CMPUT 403 (Practical Algorithmics)

Winter 2017, Instructor: Michael Buro
Weekly Meetings: Fridays 3-5pm in CSC 249 or CSC B41 (programming club) and irregular meetings Fridays 2-3pm in room CSC 249

If you are interested in efficient algorithms, problem solving, and fast implementations this individual study course may be the right course for you. It will also help you pass technical job interviews!


Tentative Schedule

Friday      14:00 - 15:00      |     15:00 - 17:00
Jan 13  Course Intro (CSC 349) |  [----] Dynamic Programming
Jan 20           %             |  [----] Graph Theory
Jan 27           %             |  [C:Pa] Graph Theory
Feb  3           %             |  [C:Ru] Geometry 
Feb 10           %             |  [----] Number Theory 
Feb 17           %             |  [C:Vi] Arithmetic/Combinatorics
Feb 24   ----- READING WEEK -----------------------------------
Mar  3           %             |  [C:Je] String Algorithms
Mar 10           %             |  [P:Ti] [C:Ka] Bipartite Graphs
Mar 17           %             |  [P:Dy] 
Mar 24           %             |  [P:Ru] [C:Ti] [C:Sa]
Mar 31           %             |  [P:Vi] [P:Pa] [P:Ka] [P:Je]
Apr  7           %             |  [P:Sa] [P:Tr] [C:Dy] [C:Tr]

%      : no dedicated 403 meeting
P:i    : latest presentation slot i. Earlier presentations are welcome!
C:j    : latest problem championing slot j
March 8: deadline for proposing a presentation topic

Presentation Topics:
Tian: Levenshtein Distance, Dylan: Randomized Algorithms, Jesse: Edmond's Algorithm
Ruphera: Red-Black Trees, Victoria: Network Flow, Parash: BK Trees,
Kalvin: Tries, Sang: Faster Heaps, Tristan: Planarity Test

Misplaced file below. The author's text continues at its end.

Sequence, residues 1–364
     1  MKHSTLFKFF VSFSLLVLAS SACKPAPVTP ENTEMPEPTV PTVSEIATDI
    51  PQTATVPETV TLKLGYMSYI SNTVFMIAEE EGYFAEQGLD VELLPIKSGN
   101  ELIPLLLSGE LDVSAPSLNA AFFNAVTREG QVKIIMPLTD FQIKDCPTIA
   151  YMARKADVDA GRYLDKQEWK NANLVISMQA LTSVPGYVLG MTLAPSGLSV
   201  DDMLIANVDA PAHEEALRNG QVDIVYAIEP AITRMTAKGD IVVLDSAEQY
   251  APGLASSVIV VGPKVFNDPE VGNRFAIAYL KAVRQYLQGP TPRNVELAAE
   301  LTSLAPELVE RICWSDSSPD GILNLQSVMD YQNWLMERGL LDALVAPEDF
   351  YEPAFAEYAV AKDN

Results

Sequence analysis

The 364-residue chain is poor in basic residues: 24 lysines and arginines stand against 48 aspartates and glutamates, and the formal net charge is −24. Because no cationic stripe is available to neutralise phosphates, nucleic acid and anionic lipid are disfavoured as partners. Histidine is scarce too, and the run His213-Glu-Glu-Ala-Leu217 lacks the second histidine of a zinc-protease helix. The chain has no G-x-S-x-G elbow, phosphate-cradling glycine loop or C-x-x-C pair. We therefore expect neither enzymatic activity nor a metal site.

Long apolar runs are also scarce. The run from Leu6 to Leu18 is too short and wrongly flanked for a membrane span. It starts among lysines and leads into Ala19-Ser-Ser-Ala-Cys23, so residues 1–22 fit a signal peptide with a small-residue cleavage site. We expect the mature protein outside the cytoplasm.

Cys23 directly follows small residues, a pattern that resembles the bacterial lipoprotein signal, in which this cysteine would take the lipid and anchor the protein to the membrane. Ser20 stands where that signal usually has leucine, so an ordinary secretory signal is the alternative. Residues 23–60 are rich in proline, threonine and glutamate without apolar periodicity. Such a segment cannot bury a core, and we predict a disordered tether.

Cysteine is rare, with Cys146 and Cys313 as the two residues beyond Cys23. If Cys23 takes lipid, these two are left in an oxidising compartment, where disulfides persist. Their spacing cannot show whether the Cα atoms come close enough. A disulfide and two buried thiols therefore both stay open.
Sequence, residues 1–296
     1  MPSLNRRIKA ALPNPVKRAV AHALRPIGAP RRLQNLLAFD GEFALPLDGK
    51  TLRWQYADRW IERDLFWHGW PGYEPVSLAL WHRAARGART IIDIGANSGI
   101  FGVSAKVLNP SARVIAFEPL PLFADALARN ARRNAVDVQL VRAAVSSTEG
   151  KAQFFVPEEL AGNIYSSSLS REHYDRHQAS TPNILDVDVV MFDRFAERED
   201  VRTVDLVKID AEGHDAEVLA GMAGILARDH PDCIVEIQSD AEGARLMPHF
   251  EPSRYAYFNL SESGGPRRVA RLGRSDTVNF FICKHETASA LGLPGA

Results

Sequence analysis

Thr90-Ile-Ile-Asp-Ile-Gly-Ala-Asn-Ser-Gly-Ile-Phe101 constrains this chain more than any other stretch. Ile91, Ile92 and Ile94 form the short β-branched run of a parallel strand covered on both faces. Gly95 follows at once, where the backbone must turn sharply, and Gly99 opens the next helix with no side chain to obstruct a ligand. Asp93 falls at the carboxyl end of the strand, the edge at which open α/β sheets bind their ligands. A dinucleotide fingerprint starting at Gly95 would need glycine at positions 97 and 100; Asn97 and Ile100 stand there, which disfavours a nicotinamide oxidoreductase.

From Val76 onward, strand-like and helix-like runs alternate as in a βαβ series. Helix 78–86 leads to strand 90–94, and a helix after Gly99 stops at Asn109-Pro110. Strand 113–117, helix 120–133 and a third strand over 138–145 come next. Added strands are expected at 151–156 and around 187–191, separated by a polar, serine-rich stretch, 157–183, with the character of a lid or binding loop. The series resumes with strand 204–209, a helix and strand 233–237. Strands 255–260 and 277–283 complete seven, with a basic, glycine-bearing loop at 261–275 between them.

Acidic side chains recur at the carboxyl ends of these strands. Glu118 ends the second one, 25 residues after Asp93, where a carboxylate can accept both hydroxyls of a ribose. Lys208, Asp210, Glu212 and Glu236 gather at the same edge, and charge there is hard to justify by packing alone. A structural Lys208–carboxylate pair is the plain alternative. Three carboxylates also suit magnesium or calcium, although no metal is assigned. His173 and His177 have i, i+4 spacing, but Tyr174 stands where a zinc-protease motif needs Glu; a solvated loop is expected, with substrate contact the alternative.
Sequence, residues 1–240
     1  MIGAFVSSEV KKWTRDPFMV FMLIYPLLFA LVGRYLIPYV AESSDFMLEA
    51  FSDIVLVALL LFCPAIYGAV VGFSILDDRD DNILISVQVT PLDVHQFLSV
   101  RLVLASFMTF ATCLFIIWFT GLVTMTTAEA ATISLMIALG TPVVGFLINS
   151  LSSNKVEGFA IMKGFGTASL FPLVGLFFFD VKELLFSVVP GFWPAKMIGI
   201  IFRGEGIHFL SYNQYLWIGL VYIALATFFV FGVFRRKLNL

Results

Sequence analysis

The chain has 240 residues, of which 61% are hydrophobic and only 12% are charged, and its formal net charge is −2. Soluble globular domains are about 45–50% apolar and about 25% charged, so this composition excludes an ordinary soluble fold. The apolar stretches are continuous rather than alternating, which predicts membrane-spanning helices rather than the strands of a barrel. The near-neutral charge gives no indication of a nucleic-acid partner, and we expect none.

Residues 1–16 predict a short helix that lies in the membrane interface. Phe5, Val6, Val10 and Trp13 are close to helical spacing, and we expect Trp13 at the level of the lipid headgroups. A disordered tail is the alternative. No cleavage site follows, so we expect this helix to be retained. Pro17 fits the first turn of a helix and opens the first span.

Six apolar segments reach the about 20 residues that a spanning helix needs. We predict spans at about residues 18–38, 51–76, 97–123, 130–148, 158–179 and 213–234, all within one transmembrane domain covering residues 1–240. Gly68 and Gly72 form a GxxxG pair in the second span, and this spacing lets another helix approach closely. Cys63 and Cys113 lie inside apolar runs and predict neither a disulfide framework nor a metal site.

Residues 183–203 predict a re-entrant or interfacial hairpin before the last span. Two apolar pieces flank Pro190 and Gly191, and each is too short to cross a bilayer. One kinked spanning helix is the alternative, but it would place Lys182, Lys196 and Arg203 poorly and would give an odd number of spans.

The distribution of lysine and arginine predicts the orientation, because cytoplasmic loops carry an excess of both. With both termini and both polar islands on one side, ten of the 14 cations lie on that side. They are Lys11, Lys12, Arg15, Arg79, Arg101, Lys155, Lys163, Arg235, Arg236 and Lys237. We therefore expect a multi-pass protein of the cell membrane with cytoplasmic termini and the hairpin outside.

How it works

CMPUT 403 is an individual study course in which students solve ACM programming competition style problems individually at their own pace (some milestones and deadlines apply).

The main focus of this course is the preparation for ACM programming contests. However, some students have successfully taken CMPUT 403 just for learning, without participating in any contests.

We cover a wide range of topics. For each, I ask students to solve at least 4 problems, for a total of 60 problems (see below).

I only tally up scores for checking milestones and at the end of the term. So, you can solve more problems in weeks when you have more time, and fewer in a busy week. You can also fix up your solutions later during the term, if you do not get them accepted on UVa or Kattis right away.

I highly recommend trying to do some of these problems now, before you decide to take this course. I can guarantee that this will be a lot more work, but also more fun, than a normal undergrad course. This course is meant only for students who are serious about learning about algorithms and how to use them in problem solving, and who are willing to invest the time and effort.

To sign up, please contact me.

Course Work


Submit all solutions and your presentation separately using:

  astep -c c403 -p sol  solutions.tgz
  astep -c c403 -p pres presentation.pdf
  [ always answer yes when asked to make this your primary submission ]

I suggest to submit regularly as you solve new problems. At the milestone dates I will untar the current submission to check whether you solved enough problems.

Your solutions.tgz file is a compressed tar file that contains ALL solution files you have produced thus far. It has to have the structure of solutions.tgz. Please refer to the README file inside.